Perfectly Legitimate Adventuring Party
This is the journal of Torva, Head Scrivener of Walkers’ Abbey, written in an exceptionally neat hand on pages that might be either thick parchment or thin flatgoat, if indeed the distinction is meaningful.
Most of it is unremarkable stuff: grumblings about substandard ink, ignorant clerks, and musings on the finer points of scriptural interpretation. It’s in the last two years that it gets interesting, when an exploration party led by Elder Jontar returns from the deeps (well, most of them return), triumphantly brandishing a badly-damaged book supposed to have been retrieved from duergar who stole it from somewhere further down – supposedly the work of Venarik herself.
Within a week Jontar had gone back to the deeps with replacement acolytes, eager to follow this lead in the hope of finding more. Meanwhile Torva set about restoring and examining the book; it takes her weeks of patient work just to get it to the point where she can safely open the pages without further damaging them, and much of it is written in esoteric scripts and shorthand that have to be worked out laboriously. Initially sceptical, Torva comes to believe that the book really is the word of Saint Venarik, written after she left the Abbey to explore further into the Deeps; it matches known examples of her writing. But what she has to say is disturbing, incoherent and paranoid. An excerpt:
Always for my people, for their protection. Always. But have I made a terrible mistake? Have I doomed the clans I thought to save? When great Arakothrax shuddered his last and lay still, we thought triumph was ours; yet when I look back, I think the shadow only grew from that day. Kym and Messalia, ever colder to one another; I hear he lived to old age but saw all his children die before him, and it has been long years since I heard from her. Elbaron’s pride brought him down, of course – no great wonder there, and yet I wonder – and Kejra faded from sight; I do not know if he still lives. And Dourik my brother, gone to the wilds, I miss him most of all. Only Allutia seems to have been spared, the only one among us who took nothing from Arakothrax’ hoard… perhaps the old tales are true.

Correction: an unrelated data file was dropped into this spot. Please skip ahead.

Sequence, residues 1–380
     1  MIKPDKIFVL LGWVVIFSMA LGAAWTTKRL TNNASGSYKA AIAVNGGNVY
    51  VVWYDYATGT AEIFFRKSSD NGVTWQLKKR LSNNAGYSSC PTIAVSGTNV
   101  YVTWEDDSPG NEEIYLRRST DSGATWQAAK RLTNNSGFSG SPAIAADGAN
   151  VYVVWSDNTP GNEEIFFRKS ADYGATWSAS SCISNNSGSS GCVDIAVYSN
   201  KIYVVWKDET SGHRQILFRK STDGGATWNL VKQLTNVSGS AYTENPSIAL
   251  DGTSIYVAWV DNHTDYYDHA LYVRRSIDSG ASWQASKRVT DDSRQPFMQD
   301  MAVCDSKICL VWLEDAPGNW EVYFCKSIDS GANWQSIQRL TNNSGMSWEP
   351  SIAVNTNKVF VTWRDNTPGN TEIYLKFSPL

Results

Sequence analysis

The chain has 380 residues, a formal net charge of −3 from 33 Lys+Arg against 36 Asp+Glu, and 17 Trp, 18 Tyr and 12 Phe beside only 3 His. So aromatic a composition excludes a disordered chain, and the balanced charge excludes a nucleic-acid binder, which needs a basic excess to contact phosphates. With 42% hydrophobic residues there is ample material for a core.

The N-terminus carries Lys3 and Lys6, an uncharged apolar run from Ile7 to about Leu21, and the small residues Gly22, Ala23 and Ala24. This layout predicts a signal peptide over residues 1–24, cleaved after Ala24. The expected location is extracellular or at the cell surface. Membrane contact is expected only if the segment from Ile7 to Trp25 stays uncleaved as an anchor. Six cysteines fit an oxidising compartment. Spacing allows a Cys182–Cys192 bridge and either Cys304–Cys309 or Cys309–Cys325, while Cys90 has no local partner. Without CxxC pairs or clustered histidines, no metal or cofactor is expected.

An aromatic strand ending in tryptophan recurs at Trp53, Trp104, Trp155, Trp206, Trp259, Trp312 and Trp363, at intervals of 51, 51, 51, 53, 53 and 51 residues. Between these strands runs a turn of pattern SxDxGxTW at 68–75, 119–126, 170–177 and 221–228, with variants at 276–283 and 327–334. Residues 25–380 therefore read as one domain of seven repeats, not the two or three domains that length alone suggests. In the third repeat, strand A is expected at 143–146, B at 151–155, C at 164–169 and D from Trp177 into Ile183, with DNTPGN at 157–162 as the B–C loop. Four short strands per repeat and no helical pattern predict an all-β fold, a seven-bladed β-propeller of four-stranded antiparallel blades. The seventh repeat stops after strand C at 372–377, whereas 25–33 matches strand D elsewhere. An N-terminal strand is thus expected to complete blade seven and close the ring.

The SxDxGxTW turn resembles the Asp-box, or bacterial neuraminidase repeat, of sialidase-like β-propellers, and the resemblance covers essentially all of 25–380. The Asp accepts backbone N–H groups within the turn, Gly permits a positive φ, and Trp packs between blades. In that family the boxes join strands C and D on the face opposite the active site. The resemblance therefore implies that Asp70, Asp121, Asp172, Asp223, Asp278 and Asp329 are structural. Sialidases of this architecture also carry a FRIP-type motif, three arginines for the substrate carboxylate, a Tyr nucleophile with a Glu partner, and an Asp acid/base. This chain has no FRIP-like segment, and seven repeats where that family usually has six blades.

Should I abandon the staff? Too little, too late, I fear. I have carried it long enough, and spent too much of the dragon’s gold. Even if I could cleanse myself of his dying curse, of course, of curse… there is still a judgement for the other matter, to fall on me or on my children’s children’s children. No, I must keep hold of what I have, work to guard them, build deeper, deeper, although I fear it will not be enough.
Did that snake-haired bitch know what her advice would do? Does her malice run that deep? But I am foolish to blame her. I should have known, I should have seen, that what I did in Torag’s name had become an offering to the Lord of Loss. And in my bitterness I drove Garrack away, and that too was a gift to the Pain-God. Norgorber delights in the death-agonies that poison brings, Rovagug loves the spill of blood under the axe, but the other, he prefers his victims alive.
I used to dream of Torag every night. I did, I did, I did. He spoke to me, stern yet kind, like a father, and I wrote down every such dream without fail, the morning after. I cannot remember the last time I dreamed of him, heard his word, and I cannot bear to read what I wrote back then.
I must go deeper, deeper, until I find the place where my people can be safe. Or is it the place where I am safe? When I left the Tower, was I really searching for a better place for them? Or was I just leaving them to face the judgement I have fled?
Deeper. Deeper. I wish I was sure that the whispering I hear in the dark is Torag.
There’s much more like this, paranoid and obsessive, and always leaving certain things unexplained.
Torva records her decision to conceal her progress from Abbott Ulmas, who (she fears) might not take kindly to this rather unexpected twist in the story of their patron saint – although when she looks back at Venarik’s earlier writings she finds hints of it even there. Instead she goes to her friends Renda and Dern, who listen patiently and discuss the implications with her.
From there her journal chronicles their mutual conversion to the Lord of Loss, and the Goblingrinder brothers’ growing resentment of Grandeth, a member of a rival clan and chosen ahead of them as Seneschal despite their seniority. In secret they win over several of the acolytes under Renda’s tutelage.
The next page, about two months before the present, is covered in a very large bloodstain and one or two bits of something dried and nasty.
The page after reads:
Well, it seems our hand is forced. Poor Grandeth, always too clever for her own good. Let us throw the dice and see how our lord favours us.
After that there is a hiatus of several days. When it resumes Renda, Torva, and Dern are in control of the keep, and their opponents are dead or imprisoned.